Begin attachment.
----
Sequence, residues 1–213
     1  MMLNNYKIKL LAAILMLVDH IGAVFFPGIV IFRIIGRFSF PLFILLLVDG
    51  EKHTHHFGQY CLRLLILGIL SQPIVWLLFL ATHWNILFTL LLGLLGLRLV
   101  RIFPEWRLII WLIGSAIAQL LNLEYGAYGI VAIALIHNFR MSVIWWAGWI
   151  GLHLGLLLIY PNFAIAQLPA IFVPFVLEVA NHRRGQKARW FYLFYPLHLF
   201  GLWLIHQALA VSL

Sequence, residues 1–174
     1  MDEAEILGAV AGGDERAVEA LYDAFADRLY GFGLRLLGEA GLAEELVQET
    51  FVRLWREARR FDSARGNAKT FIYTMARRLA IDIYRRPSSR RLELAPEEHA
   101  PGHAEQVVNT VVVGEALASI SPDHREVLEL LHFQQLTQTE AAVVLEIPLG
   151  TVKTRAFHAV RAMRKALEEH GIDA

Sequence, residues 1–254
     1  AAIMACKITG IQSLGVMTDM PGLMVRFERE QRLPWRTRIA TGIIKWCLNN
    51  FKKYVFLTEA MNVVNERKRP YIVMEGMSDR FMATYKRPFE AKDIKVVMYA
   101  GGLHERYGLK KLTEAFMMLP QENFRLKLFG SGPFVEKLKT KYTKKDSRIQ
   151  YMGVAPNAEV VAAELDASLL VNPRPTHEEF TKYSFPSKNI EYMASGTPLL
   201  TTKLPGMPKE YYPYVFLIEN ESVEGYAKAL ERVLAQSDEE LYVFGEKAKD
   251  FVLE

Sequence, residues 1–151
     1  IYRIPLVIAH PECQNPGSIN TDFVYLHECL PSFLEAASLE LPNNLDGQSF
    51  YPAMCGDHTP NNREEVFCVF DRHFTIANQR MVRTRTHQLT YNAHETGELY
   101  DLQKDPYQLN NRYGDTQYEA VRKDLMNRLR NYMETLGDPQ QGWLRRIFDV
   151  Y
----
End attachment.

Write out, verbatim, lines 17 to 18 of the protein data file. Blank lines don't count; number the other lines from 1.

   201  TTKLPGMPKE YYPYVFLIEN ESVEGYAKAL ERVLAQSDEE LYVFGEKAKD
   251  FVLE